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Why should I have a credit card at all? What if I never want to use one?

By , CardRatings Contributor

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Great question. Now that prepaid debit cards give you many of the same features and benefits as credit cards, but without the threat of finance charges, you can make the case for living without credit cards at all. However, I can think of a few reasons why you might want to keep a rewards credit card in your wallet.

Years ago, banking executives complained loudly about consumers who carried their credit cards without running up a monthly balance. Then, personal lending flipped itself upside down. Today, many credit card product managers believe they'll make as much money from transaction charges as they will from late fees and interest payments. That's changed the dynamic for rewards credit cards and cash back credit cards, designed to entice consumers to float their purchases for 20 or 30 days.

Here's why I think you should carry at least one rewards credit card:

  • Purchase protection. Cash, checks, and most debit cards won't help you get your money back when your flight gets cancelled or your new gadget busts. Federal laws and bank policies favor credit card holders in most disputes. Even during a charge-back investigation, it's the bank's money on the line, not yours.
  • Credit report impact. Contrary to popular belief, credit scores don't measure how much debt you're in. They report how well you manage your accounts. If you don't have a credit card to maintain, there's nothing to score. That can cause problems when employers and insurance companies use credit scores to evaluate you for jobs or policies.
  • Rebates and bonuses. Retail industry lobbyists complain about high transaction rates, but there's no indication that making purchasing platforms cheaper will trickle down to the consumer. Cash back credit cards offer discounts of up to 6 percent on purchases you make in person. Stack special rebates of up to 20 percent when you shop from your credit card company's website, and you can enjoy some serious savings.

Depending on your lifestyle and your spending habits, you might even consider a travel rewards card that offers bonus miles, room upgrades, or free baggage check. Just pretend your credit card's a debit card, and set aside the cash you'll need to pay your balance each month. That way, you won't risk running up a pile of debt you can't handle.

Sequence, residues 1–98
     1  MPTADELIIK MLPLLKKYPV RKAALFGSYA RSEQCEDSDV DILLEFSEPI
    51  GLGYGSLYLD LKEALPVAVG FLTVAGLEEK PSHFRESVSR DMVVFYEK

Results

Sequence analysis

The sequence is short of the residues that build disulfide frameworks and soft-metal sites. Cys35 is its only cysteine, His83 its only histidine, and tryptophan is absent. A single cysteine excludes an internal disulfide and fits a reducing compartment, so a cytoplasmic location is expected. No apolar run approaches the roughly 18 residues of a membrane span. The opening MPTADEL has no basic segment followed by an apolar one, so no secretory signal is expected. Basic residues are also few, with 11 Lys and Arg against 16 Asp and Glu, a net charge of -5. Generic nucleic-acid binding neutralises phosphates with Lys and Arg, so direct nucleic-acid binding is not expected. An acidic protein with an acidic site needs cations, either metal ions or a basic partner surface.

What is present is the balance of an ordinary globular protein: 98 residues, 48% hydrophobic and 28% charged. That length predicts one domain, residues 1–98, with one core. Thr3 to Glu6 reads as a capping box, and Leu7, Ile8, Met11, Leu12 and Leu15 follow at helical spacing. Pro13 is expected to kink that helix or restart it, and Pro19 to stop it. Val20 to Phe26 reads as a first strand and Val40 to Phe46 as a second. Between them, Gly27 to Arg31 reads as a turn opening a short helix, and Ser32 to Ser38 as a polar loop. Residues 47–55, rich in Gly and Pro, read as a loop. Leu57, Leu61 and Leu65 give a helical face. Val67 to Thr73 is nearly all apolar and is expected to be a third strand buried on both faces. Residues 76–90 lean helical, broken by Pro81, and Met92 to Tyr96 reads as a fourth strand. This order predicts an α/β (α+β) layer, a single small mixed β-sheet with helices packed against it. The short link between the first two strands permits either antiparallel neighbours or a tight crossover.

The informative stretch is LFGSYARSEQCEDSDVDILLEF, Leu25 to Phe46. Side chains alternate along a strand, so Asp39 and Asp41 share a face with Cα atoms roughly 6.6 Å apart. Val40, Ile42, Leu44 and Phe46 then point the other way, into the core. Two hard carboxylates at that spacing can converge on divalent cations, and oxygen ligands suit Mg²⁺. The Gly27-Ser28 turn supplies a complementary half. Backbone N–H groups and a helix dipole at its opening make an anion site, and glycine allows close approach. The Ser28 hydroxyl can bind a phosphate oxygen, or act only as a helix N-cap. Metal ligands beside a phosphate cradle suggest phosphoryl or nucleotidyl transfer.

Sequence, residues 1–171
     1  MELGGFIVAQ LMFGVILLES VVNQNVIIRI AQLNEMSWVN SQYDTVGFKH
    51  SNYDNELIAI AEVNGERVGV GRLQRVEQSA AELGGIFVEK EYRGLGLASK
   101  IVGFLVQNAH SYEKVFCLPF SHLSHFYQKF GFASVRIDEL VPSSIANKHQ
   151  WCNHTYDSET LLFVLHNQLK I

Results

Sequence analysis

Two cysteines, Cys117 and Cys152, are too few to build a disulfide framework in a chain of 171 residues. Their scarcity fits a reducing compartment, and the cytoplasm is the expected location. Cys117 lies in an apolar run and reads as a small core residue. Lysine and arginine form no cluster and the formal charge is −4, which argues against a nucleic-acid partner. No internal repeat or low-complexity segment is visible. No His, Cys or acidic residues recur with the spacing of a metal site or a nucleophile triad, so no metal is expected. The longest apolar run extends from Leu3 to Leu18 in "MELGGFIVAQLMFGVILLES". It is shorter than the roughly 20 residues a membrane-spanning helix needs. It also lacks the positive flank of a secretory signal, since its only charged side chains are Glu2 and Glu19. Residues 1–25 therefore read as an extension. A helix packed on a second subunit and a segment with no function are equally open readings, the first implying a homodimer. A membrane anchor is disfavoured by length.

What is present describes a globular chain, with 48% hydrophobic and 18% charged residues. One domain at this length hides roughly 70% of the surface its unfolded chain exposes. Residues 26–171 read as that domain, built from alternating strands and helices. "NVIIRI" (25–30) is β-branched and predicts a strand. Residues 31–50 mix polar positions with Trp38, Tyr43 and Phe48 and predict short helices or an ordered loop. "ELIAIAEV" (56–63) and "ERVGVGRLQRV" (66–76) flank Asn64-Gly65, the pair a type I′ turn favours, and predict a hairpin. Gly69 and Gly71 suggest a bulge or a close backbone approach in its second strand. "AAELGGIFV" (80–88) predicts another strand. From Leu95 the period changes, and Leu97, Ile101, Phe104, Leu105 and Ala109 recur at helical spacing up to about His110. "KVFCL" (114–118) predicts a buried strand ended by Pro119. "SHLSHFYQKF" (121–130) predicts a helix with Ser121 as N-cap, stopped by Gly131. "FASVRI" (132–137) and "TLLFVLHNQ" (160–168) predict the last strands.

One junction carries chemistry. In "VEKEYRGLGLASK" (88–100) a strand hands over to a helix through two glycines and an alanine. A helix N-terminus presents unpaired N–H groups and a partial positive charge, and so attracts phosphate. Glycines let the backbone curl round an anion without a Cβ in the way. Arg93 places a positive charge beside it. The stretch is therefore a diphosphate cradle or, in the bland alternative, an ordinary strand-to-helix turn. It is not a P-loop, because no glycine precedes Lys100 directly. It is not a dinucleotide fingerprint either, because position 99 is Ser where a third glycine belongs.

1. Ray August 27, 2012 - 3:17 pm
    I don't have a credit card and I don't want one. It seems like the system is rigged in the favor of credit companies. If you don't let us shave some percentage for your purchases we are going to punish you with a lower credit score. While in reality I am probably more financially sound than most.

    Enjoyed your article though.
      Reply »  
  2. Dan August 27, 2012 - 12:51 pm
    Joe Taylor JR Must work for a bank, or at least earns based off of the industry.

    How can you justify your article. Please tell me where you do your research so that I can avoid the same mistakes.

    Purchase Protection: You get the same rewards and protection as a credit card with most debit cards and dont have to worry about borrowing money from the bank at 10-24% Interest.

    Credit Report Impact: How can you say it is not a rating of your debt? If you have no Debt you have no score, you said so in your article. It is a rating of how well you manage your debt, I will agree to that.

    If you have no debt and you have no credit score, but you have managed your money well, your checking and savings accounts will speak volumes over any possible credit score, add to that a paid off mortgage and no car payment? If you would not hire me, I would'nt work for you anyway.

    Rebates and Bonuses: Just the same as I started out, a majority of the banks offer similar or same rewards programs for the use of the Debit Card. Besides, what good does the reward at 6% do if you are paying 10% or more in the end anyway?
      Reply »  
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